4. 4. Now, rewritting (??) as Ii+2,j+2 = x − xi+2 xi+2 − xi−j+1 [(x − xi−j+1)( Ii+2,j − Ii+1,j xi+2 − xi−j+2 + Ii+1,j − Ii,j xi−j+1 − xi+1 ) +Ii+2,j − Ii,j] + Ii+2,j. (9) we obtain an equivalent expression with only 5 multiplications at each iteration to obtain the desired quadratic interpolation polynomial in (??) to reduce the cost of the interpolation. This represents a computational gain about 20%. Then with the iteratively quadratic interpolation the partial polynomials are linked in the following table: k = 0 1 2 x0 y0 = I0(x) x1 y1 = I1(x) I012(x) x2 y2 = I2(x) I123(x) I01234(x) x3 y3 = I3(x) I234(x) x4 y4 = I4(x) (10) In fact, the sequence {I01...k}n k=0 converges to the value f(x) for given x. ITherefore, we establish the following iteratively quadratic interpolation algo- rithm. ALGORITHM 2.1 (QII Algorithm) Given (xi, yi), p e ε Ii,1 = yi, i = 0, 1, . . . , n While ∥Ii+2,j+2−Ii,j ∥ ∥Ii,j ∥ ε For j = 1, 3, 5, ..., i Ii+2,j+2 = x−xi+2 xi+2−xi−j+1 [(x−xi−j+1)( Ii+2,j −Ii+1,j xi+2−xi−j+2 + Ii+1,j −Ii,j xi−j+1−xi+1 )+ Ii+2,j − Ii,j] + Ii+2,j i = i + 1 end 4
5. 5. end Another algorithm of combining linear and quadratic interpolating formulas iteratively is given as follows. ALGORITHM 2.2 (QLII Algorithm) Given (xi, yi), p e ε Ii,1 = yi Do For j = 1, 3, 5, ..., i Ii+1,j+1 = Ii,j + (x−xi−j+1)(Ii,j −Ii+1,j ) xi−j+1−xi end Verify the convergence i = i + 1 For j = 1, 3, 5, ..., i − 1 Ii+2,j+2 = x−xi+2 xi+2−xi−j+1 [(x−xi−j+1)( Ii+2,j −Ii+1,j xi+2−xi−j+2 + Ii+1,j −Ii,j xi−j+1−xi+1 )+ Ii+2,j − Ii,j] + Ii+2,j end Verify the convergence i = i + 1 For j = 1, 3, 5, ..., i − 2 Ii+2,j+2 = x−xi+2 xi+2−xi−j+1 [(x−xi−j+1)( Ii+2,j −Ii+1,j xi+2−xi−j+2 + Ii+1,j −Ii,j xi−j+1−xi+1 )+ Ii+2,j − Ii,j] + Ii+2,j end end 3 Numerical Examples There are some classical problems in the literature where bad results appear when interpolating methods are used to approximate function values[?]. In this 5
6. 6. section we shall give some numerical results for such functions with our new algorithms, and also for comparison with performance of the Neville’s algorithm. In Table 1 the following functions are considered • f1(x) = cos(x) + (x−3) (x2+1) ; • f2(x) = 1 (25x2+1) • f3(x) = −196 1125 x8 + 144 125 x6 − 2777 1500 x4 − 569 4500 x2 + 1 with the data vector x = −100 + 0.3i, i = 1, 2, . . . , 666. Here the interpolating point is p = 27.93 and ε = 10−8 is a given tolerance. Test functions Methods CPU time Solution Neville 66.13 1.5694e × 006 f1(x) QII 42.65 1.5694e × 006 QLII 63.52 1.5694e × 006 Neville 66.06 -2.75533e × 008 f2(x) QII 42.55 -2.75533e × 008 QLII 63.47 -2.75533e × 008 Neville 62.5 -6.39708e × 010 f3(x) QII 40.53 -6.39708e × 010 QLII 60.16 -6.39708e × 010 Table 1: Numerical results. All computations were done by MATLAB on Pentium III 450MHz Personal Computer at CESEC Laboratory, the Federal University of Paran´a, Brazil. Acknowledgments The ﬁrst ﬁve authors like to give their sincere thanks to Professor Jin Yun Yuan for introducing us to the topic, to Nelson Haj Mussi J´unior for his pre- liminaries discussions. References [1] J. Stoer and R. Bulirsch: Introduction to Numerical Analysis, Springer- Verlag, 1980. 6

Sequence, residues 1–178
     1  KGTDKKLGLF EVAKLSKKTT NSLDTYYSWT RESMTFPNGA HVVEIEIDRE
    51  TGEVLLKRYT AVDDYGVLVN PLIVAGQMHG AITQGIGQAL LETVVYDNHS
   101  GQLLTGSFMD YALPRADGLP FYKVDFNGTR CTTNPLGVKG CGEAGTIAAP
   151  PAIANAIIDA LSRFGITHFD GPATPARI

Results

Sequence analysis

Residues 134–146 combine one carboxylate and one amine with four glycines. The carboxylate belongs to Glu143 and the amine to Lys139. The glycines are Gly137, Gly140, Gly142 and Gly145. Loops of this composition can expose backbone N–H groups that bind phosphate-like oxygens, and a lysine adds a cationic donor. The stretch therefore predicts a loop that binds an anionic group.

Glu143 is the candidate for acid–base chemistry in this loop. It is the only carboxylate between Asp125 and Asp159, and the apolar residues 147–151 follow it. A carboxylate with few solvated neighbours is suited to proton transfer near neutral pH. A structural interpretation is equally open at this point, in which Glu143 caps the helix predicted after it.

7. 7. 00pt 0 Figure 1: f(x) = cos(x) + (x−3) (x2+1) 00pt 0 Figure 2: f(x) = 1 (25x2+1) 7
8. 8. 00pt 0 Figure 3: f(x) = −196 1125 x8 + 144 125 x6 − 2777 1500 x4 − 569 4500 x2 + 1 [2] M. C. K. Tweedie, A modiﬁcation of the Aitken-Neville Linear Iterative Procedures for Polynomial Interpolation, Math. tables and Other Aids to Computation, 8(1954) 13-16. [3] V. Pan, New Approach to Fast Polynomial Interpolation and Multipoint Evaluation, Computers Math. Applic. Vol. 25, No. 9, pp. 25-30, 1993. [4] R. P. Agarwal e B. S. Lalli, Discrete Polynomial Interpolation Green’s Func- tions Maximum Principles Error Bounds and Boundary Value Problems, Computers Math. Applic. Vol. 25, No. 8, pp. 3-39, 1993. 1999 Academic Press, Inc., 1993 8